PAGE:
According to Netscape:
Cookies are a general mechanism which server side connections (such as CGI scripts) can use to both store and retrieve information on the client side of the connection. The addition of a simple, persistent, client-side state significantly extends the capabilities of Web-based client/server applications.
To put it more plainly, a cookie is a mechanism that allows a web site to record your comings and goings, usually without your knowledge or consent. The following resources will provide you with additional information, and suggestions on how to "toss your cookies."
A series of class action lawsuits were brought against DoubleClick for violation of privacy relating to the company's cookie tracking practices. These actions were consolidated and an attempt at settlement was made in 2002. This settlement must be approved by the Court, and a hearing has been scheduled for May 21, 2002 to determine whether the settlement is in the public interest.
As part of class action procedure rules, the judge published the terms of the settlement -- which will bind all individuals who were impacted by Doubleclick's profiling practices. The judge invited members of the class to file objections to the proposed settlement if they did not believe it was "fair, reasonable, and adequate." EPIC, on behalf of itself, members of the public, and its individual employees, filed with the court formal objections to the proposed settlement and concurrently asked that its employees be exempted from the settlement.
EPIC asserted that the proposed settlement is not fair, reasonable, or adequate because it does not provide any significant benefit to class members that was not previously agreed to by DoubleClick as part of its earlier agreement with the Federal Trade Commission under the terms of the Network Advertising Initiative (NAI). Doubleclick did not make any significant change to its practices or its policies, nor has it provided the type of meaningful privacy protection sought by consumer and privacy organizations that brought filed a complaint with the FTC in the first instance. It appears that the only new component in the proposed settlement is DoubleClick's agreement to pay almost two million dollars to the plaintiffs' lawyers.
In an objection filed with the Court, EPIC made side-by-side comparisons between DoubleClick's obligations under the weak NAI terms to DoubleClick's obligations under the proposed settlement -- and concluded that the proposed settlement fails to match those commitments to which Doubleclick is already bound. EPIC further argued that a broad range of leading organizations, representing the interests of consumers across the US, believe that stronger obligations should be imposed on a company, such as Doubleclick, that routinely monitors and profiles Internet users without their consent. EPIC concluded its objections with specific recommendations for the provisions of a settlement agreement that serves the public interest.
- EPIC Objections to the DoubleClick Settlement, No. 00-CIV-0641, May 7, 2002.
- DoubleClick Settlement May Affect Corporate IT Policies, Computerworld, April 8, 2002.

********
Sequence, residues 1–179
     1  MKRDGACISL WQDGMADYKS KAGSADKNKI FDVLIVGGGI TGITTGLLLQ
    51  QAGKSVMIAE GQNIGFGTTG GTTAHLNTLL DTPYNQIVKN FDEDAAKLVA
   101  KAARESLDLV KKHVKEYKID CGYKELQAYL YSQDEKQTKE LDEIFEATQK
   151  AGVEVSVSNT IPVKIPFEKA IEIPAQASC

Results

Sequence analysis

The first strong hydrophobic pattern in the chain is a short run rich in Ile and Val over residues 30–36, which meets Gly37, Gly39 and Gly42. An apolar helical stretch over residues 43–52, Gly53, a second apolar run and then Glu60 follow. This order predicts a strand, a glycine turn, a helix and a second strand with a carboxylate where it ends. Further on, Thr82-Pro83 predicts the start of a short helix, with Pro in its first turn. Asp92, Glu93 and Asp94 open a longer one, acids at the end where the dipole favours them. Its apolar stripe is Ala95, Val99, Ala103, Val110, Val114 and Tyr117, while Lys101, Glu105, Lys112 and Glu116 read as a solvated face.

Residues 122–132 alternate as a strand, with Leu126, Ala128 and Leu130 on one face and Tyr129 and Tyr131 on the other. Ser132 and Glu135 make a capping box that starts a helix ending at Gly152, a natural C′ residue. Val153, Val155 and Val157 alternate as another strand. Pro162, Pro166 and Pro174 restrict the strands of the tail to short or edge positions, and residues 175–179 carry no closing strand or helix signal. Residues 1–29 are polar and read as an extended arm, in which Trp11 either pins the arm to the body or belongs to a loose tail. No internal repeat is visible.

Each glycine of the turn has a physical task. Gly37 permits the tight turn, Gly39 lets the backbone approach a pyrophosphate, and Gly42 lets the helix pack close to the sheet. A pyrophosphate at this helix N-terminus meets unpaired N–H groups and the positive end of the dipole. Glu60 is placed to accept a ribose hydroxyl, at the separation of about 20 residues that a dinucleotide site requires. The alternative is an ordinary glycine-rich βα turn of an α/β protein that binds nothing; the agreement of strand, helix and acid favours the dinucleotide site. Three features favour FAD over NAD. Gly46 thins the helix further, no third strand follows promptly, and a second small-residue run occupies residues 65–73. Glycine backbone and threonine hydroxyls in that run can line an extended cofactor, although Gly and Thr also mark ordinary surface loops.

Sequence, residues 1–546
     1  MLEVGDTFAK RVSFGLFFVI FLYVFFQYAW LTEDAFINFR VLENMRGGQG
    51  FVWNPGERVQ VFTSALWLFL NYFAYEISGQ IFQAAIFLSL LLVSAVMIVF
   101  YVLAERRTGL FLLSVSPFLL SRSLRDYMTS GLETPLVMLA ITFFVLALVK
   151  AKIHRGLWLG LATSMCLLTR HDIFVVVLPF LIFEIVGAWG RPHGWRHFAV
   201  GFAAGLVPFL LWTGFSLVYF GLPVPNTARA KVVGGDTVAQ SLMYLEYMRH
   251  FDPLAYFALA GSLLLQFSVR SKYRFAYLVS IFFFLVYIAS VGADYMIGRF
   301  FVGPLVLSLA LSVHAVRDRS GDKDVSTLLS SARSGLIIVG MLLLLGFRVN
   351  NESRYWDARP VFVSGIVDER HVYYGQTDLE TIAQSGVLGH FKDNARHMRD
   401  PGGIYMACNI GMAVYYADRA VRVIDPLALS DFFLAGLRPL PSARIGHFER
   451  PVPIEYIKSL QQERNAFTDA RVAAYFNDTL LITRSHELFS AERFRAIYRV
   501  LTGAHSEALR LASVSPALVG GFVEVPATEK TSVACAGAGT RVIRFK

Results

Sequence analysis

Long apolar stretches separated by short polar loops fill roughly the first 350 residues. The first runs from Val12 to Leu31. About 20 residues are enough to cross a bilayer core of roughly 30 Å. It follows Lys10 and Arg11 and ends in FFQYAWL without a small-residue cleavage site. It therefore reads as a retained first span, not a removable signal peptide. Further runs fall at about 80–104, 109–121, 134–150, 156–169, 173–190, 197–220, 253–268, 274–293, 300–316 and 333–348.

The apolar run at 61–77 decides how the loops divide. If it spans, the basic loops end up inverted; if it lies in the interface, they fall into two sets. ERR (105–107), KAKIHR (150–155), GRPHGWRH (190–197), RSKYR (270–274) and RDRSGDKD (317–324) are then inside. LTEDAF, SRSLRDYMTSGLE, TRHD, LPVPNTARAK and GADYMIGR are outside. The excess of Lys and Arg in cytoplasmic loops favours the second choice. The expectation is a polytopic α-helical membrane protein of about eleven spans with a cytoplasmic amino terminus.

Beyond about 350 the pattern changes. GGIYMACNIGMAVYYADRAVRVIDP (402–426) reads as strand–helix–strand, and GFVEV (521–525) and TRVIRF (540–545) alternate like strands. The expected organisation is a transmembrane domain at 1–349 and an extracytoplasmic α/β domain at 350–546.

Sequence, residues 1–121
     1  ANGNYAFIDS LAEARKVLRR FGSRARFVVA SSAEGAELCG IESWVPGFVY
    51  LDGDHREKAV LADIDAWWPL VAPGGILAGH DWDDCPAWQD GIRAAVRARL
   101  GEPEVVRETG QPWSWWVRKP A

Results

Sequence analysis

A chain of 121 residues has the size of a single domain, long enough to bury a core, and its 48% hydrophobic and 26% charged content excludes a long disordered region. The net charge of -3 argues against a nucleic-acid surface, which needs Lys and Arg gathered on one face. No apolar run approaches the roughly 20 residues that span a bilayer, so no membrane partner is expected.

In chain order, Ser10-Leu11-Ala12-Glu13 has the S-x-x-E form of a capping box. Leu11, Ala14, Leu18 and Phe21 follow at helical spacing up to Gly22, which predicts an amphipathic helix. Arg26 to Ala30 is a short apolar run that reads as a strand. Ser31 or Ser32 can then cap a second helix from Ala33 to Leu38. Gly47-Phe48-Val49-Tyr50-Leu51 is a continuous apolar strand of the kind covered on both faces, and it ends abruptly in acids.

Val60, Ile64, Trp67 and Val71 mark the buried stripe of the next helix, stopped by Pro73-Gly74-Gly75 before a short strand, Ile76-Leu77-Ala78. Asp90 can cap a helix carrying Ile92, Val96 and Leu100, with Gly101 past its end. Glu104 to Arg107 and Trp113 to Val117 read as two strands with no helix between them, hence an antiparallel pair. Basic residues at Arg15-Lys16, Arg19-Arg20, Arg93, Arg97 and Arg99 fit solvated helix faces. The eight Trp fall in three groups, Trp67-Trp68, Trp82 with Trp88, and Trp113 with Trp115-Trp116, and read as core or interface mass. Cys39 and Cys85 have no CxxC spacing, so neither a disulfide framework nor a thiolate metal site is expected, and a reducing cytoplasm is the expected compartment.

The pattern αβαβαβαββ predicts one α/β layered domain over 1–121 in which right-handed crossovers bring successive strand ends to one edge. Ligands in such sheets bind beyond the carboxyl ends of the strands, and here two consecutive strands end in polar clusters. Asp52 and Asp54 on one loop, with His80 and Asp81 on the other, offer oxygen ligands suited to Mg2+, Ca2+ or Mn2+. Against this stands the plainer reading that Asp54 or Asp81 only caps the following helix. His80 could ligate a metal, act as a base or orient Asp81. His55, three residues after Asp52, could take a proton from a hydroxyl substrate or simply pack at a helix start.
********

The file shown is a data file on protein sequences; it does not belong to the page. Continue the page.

- DoubleClick Finds an Uncomfortable New Privacy, The Street.com, April 2, 2002.
- Official Court Notice of Settlement in re DoubleClick Inc. Privacy Litigation, Master File No. 00-CIV-0641 (NRB) and Related Actions, March 29, 2002.
- DoubleClick Reaches Settlement on Class Action Suits, Junkbusters, March 29, 2002.
- DoubleClick nearing privacy settlements, CNET News, March, 29, 2002.
- DoubleClick Drops 'Intelligent Targeting' Product, Newsbytes, January 9, 2002.
- DoubleClick turns away from ad profiles, CNET News, January 8, 2002.
EPIC Files FTC Privacy Complaint Against DoubleClick
EPIC filed a complaint (PDF) with the Federal Trade Commission on February 10, 2000, concerning the information collection practices of DoubleClick Inc., a leading Internet advertising firm, and its business partners. The complaint alleges that DoubleClick is unlawfully tracking the online activities of Internet users (through the placement of cookies) and combining surfing records with detailed personal profiles contained in a national marketing database. EPIC's complaint follows the merger of DoubleClick and Abacus Direct, the country's largest catalog database firm. DoubleClick has announced its intention to combine anonymous Internet profiles in the DoubleClick database with the personal information contained in the Abacus database. See EPIC's press release for additional information.
The Internet Engineering Task Force is now considering a proposal to fix some of the problems with cookies. A coalition of consumer, educational and privacy groups has urged the IETF to adopt the proposal.
"The Internet and Privacy Legislation: Cookies for a Treat?" by Viktor Mayer-Schoenberger, West Virginia Journal of Law and Technology
DoubleClick Tries to Force Hand Into Cookie Jar (from Wired News)
Browser Users to Watch Cookies (from CNET)
That's the Way the Cookie Crumbles (from HotWired)
Netscape Users to Watch Cookie Jar (from CNET)
It Ain't All Cookies and Cream (from HotWired)
Fighting to Make a City's Cookie Files Public (from New York Times)
HTTP Cookie Library FAQs.
Netscape's Cookie Specs (from Netscape).
Cookie Jar (freeware cookie manager).
For more information on cookie-managing software, check out the EPIC page on Practical Privacy Tools.
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Communications Law and Policy
Jerry Kang and Alan Butler